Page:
Journal Express, Knoxville, IA

Local News

March 19, 2013

IHA endorses Medicaid expansion

Knoxville —  

A report prepared for the Iowa Hospital Association, paid for by the American Hospital Association and performed by Regional Economic Models, Inc., and George Washington University, indicates that if Iowa expands Medicaid to those at 138 percent of the federal poverty level, over 2,000 jobs could be created and $2.2 billion in economic activity could be brought into the state over the next seven years.

The American Hospital Association spent $19 million to lobby for the “Affordable” Care Act in 2011, according a Feb. 28 article written by Dr. Sreedhar Potarazu for Fox News.

“The purpose of this report is to offer a balanced and comprehensive view of the economic, employment and budgetary effects of the decision of whether or not to expand Medicaid in Iowa,” the report reads. “It is important to note that this report focuses on the effects of Iowa’s decision concerning the Medicaid expansion alone; it does not address the impact of the overall federal health law.”

Iowa shares the expense of providing Medicaid coverage with the federal government. Today, Iowa is responsible for 40.4 percent of most Medicaid spending in the state, and the federal government covers the remaining percentage. The ACA increased the federal matching rates for persons who are newly eligible through the Medicaid expansions, which is expected to reduce state costs for this population.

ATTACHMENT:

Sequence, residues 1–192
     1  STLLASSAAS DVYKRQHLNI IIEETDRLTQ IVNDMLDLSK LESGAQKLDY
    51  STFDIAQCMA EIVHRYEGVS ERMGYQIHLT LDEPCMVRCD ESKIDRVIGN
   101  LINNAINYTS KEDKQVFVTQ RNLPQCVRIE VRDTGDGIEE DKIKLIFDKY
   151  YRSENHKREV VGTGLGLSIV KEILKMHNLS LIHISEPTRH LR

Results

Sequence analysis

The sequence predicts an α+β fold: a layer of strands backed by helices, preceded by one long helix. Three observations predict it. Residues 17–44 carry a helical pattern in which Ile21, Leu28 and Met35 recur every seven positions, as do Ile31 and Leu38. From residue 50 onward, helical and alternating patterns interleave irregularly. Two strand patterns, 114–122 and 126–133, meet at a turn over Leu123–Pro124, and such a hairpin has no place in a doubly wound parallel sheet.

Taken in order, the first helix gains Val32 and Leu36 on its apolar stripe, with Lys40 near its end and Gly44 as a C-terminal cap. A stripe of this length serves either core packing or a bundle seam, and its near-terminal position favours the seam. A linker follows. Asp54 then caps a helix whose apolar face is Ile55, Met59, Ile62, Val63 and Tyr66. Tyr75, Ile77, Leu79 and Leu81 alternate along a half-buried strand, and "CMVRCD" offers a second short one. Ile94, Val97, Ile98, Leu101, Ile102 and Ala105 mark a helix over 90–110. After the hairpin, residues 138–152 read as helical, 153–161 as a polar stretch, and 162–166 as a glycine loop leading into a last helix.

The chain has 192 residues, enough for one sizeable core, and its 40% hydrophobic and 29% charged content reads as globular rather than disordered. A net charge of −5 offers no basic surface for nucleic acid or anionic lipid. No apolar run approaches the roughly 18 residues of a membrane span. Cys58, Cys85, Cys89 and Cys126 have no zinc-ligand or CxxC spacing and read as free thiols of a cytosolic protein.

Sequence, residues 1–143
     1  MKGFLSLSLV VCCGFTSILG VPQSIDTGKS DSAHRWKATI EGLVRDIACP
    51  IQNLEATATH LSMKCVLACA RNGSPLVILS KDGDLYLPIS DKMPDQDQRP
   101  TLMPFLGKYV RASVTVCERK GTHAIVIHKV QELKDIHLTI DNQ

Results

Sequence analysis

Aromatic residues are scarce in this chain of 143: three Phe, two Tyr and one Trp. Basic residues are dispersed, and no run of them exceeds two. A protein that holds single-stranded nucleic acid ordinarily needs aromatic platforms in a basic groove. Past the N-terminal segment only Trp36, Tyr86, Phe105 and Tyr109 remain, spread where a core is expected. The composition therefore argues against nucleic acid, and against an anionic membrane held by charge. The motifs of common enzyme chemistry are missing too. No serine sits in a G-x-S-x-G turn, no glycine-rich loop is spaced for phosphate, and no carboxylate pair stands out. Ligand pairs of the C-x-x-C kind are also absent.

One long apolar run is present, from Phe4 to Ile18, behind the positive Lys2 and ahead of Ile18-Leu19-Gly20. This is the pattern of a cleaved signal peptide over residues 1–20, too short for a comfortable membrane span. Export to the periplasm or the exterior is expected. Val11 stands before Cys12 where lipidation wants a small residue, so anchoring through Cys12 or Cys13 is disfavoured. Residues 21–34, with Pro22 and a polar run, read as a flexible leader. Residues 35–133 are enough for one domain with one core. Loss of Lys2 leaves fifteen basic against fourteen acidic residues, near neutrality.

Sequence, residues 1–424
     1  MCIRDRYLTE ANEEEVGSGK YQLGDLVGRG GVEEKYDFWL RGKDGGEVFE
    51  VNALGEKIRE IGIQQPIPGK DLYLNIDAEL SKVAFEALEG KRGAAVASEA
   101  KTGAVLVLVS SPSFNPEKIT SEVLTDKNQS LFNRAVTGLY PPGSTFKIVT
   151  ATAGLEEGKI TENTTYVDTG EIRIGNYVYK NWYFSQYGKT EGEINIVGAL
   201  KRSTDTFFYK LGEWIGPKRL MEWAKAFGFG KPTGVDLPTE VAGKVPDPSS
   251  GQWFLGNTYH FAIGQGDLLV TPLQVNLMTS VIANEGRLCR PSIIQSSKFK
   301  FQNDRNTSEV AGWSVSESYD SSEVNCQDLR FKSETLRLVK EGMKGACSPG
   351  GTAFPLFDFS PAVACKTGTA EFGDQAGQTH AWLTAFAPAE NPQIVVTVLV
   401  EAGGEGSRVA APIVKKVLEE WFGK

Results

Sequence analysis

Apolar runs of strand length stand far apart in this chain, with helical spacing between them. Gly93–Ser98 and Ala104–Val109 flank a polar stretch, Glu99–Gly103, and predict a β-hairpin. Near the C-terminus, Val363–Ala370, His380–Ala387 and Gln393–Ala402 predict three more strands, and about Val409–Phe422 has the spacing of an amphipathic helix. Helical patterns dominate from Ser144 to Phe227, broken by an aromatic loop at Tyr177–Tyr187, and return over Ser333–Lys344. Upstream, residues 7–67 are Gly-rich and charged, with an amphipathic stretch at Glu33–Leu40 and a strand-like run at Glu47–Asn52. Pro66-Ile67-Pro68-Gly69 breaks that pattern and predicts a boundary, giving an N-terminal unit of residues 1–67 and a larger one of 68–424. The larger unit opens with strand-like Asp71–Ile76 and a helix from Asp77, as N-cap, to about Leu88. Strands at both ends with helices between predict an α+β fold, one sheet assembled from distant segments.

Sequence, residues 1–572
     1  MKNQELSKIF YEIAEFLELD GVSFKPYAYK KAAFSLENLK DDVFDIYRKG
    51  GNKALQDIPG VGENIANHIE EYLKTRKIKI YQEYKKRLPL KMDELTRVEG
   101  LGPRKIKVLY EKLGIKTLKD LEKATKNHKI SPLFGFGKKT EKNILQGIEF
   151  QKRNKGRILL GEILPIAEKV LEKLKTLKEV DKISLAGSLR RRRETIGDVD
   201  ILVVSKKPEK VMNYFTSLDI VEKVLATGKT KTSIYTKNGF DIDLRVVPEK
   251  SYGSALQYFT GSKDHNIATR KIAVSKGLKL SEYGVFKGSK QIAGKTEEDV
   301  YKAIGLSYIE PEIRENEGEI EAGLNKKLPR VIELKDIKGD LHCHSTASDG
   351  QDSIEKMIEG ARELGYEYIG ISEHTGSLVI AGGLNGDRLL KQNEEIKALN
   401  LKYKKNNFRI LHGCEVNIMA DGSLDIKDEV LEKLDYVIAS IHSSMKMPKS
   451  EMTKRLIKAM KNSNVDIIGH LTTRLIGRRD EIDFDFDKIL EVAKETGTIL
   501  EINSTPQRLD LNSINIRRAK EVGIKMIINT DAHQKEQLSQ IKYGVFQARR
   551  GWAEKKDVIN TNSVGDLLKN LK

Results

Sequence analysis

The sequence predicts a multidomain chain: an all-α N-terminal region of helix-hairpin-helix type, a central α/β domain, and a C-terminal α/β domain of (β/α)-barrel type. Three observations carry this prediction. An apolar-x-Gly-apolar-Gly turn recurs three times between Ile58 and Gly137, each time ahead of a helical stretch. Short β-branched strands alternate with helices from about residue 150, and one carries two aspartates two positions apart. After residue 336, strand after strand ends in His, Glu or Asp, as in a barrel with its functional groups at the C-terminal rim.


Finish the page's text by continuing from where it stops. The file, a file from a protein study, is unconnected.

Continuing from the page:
From 2014-16, the federal government has promised to fund 100 percent of spending for this population. The report estimates this to be $4.1 billion. 

This enhanced federal match declines to 95 percent in 2017, 94 percent in 2018, 93 percent in 2019, and 90 percent in 2020 and thereafter. 

The report quotes figures from the Urban Institute regarding the number of people who may join Medicaid in Iowa, if the program is expanded. The institute originates from a blue-ribbon commission created by President Lyndon Johnson in 1968. Johnson was the President who originally signed Medicare and Medicaid into law.

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